Monday, April 23, 2018

Marge Piercy's "Liminal Trash" #Poemaday #NationalPoetryMonth

--from the archives of The Broadkill Review
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Knopf brought out Marge Piercy’s 19th poetry book Made in Detroit in March 2015. The Hunger Moon: New & Selected Poems was released in paperback. Piercy has published 17 novels, most recently Sex Wars. PM Press published her short story collection The Cost of Lunch, Etc; the paperback will be out in the fall with new stories and an introduction, along with My Life, My Body (essays and poems).  Her work has been translated into nineteen languages.

Liminal trash

Ridiculous objects I can’t throw away
because they conjure up a person,
a time, a place, an era of my past:
how they clutter my drawers.

I don’t really need them to stir
memory, yet they’re precious if
only to me.  It’s as if I fear losing
some part of myself if I discard

them.  About clothes I’m never
sentimental, but these Apache tears
picked up in the desert decades
ago by a wanted fugitive; these faded

blue feathers of a mojo a dear poet
and friend gave me for protection;
this glass necklace with an eye;
this tiny china cat with one paw

broken off –they’re what’s left of dead
or lost friends and lovers, brother—
as if some ghostly piece of them
lingers still safe in my drawer.

--Marge Piercy

Sunday, April 22, 2018

Elisavietta Ritchie’s "We Wake Beside an Invisible River" #Poemaday #NationalPoetryMonth

--from the archives of The Broadkill Review
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We Wake Beside an Invisible River


Fog swishing through Georgia pines
screens our world inside a Japanese dawn,
veils deer among flowering quince.

Yet through the scrim of mists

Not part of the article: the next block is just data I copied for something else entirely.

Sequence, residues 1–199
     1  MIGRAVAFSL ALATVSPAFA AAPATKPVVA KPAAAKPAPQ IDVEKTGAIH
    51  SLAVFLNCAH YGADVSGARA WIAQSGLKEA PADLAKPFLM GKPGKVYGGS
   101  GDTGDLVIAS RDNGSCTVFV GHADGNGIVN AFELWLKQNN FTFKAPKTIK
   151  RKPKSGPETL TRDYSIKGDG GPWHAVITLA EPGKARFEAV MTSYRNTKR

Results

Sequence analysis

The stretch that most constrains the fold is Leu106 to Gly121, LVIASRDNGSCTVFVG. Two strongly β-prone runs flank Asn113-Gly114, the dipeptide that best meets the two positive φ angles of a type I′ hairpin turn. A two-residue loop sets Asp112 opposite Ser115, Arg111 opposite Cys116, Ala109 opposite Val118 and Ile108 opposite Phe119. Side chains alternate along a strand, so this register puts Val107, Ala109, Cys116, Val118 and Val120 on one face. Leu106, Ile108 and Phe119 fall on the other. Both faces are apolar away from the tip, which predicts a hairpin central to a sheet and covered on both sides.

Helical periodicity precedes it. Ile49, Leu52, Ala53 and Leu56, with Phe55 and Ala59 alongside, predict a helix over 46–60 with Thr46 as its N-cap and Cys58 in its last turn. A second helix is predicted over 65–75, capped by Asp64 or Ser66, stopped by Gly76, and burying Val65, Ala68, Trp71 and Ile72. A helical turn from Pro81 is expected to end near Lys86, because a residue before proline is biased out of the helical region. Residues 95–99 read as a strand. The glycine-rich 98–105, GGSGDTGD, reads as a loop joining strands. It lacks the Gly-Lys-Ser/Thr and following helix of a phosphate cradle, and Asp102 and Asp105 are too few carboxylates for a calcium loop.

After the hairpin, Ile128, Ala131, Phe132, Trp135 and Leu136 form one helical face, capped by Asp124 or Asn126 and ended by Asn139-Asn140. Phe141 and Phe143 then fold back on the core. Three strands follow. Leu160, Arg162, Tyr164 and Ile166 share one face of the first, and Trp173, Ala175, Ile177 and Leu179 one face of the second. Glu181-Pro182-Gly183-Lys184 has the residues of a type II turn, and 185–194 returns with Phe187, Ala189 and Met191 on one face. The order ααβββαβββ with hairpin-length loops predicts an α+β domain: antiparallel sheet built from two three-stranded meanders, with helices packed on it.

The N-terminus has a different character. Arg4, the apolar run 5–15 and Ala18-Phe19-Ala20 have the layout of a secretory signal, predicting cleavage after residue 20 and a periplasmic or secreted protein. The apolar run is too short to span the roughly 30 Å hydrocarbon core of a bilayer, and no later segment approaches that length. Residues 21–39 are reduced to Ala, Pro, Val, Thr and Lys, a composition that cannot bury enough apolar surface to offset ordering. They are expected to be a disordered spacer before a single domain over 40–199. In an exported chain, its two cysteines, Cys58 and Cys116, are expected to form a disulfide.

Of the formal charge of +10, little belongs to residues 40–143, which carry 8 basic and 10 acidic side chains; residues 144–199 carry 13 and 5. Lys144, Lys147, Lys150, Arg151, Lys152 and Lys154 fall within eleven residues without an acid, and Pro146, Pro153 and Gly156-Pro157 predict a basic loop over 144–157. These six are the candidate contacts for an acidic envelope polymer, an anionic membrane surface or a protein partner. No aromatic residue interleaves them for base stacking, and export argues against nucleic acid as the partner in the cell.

we see the Buddha at Kamakura,
small deer we fed at Nara,

cormorants with rings
around their throats bringing fish
to skiffs in the Inland Sea.

When mists clear we will see Fujiyama
surrounded by sapphire waves
and crowned with perpetual snows—

No. The tardy sun burns this day
clear over our own graygreen cove
were tide now covers marsh and sand.

Our great blue heron proclaims
longevity over cattails and huge pink
marshmallow flowers edging the cove,

the cormorant only passing through dives
for minnows then, perched on a piling, swallows,
airs his long narrow wings, and dives…

The far river banks are fringed with bent oaks,
fields of soybeans, corn and ebony steers
grazing beside the Patuxent river….

One crane still flies against the misty red sun
over a rice padi, pink petals, skinny reeds,
on an antique scroll on our Maryland wall.



Elisavietta Ritchie’s stories, poems, articles, photographs are widely published, anthologized, translated. Recent books: Babushka’s Beads: A Geography of Genes; Guy Wires; Tiger Upstairs on Connecticut Avenue; Feathers, Or, Love on the Wing; Cormorant Beyond the Compost, Arc of the Storm, Elegy for the Other Woman. Flying Time: Stories & Half-Stories; In Haste I Write You This Note: Stories & Half-Stories. An updated e-book version of In Haste I Write You This Note: Stories & Half-Stories, a winner of the Writers' Publishing House Premiere Fiction prize and first came out in a print edition in 2000, is now available. She is ex-president Washington Writers’ Publishing House. 

Saturday, April 21, 2018

Jene Erick Beardsley's "Landscape" #poemaday #NationalPoetryMonth


LANDSCAPE

At the edge of town, main street widens to a highway,
The highway climbs a hill, and from the hill’s bare top
The motorist sees what looks like a factory in the distance,
To its rear perhaps the digs the tired workers
Go back home to for the night.  Seen more closely further on,
The factory is the maternity wing of the town’s brick hospital
That careless planning had backed against the tombs of an old graveyard.
Intrigued by this precarious adjacency,
The wayward thoughts fatigue and routine-driving host
Sober at what an inferior product the living body is,
How doomed to damage, quick to sickness, available for dying,
How short in contrast to its longings, and how strange
That hour by hour the world continues to produce it.


Jene Erick Beardsley was born and raised in Mount Vernon, New York.  He graduated from the University of Illinois with an MA in English Literature and for over thirty-five years taught poetry at a small college in the Philadelphia suburbs.  His poems have appeared in Verse Daily, Amherst Review, Sojourners, Fulcrum, Haight Ashbury Literary Journal, Green Mountains Review, Lullwater Review, South Carolina Review, Ibbetson Street Press, New Ohio Review, California Quarterly, Tribeca Review, New Letters, and many others.

--from the archives of The Broadkill Review
Visit us at our new home  broadkillreview.com
Support us by purchasing a title from the Broadkill River Press, co-sponsor of the Dogfish Head Poetry Prize.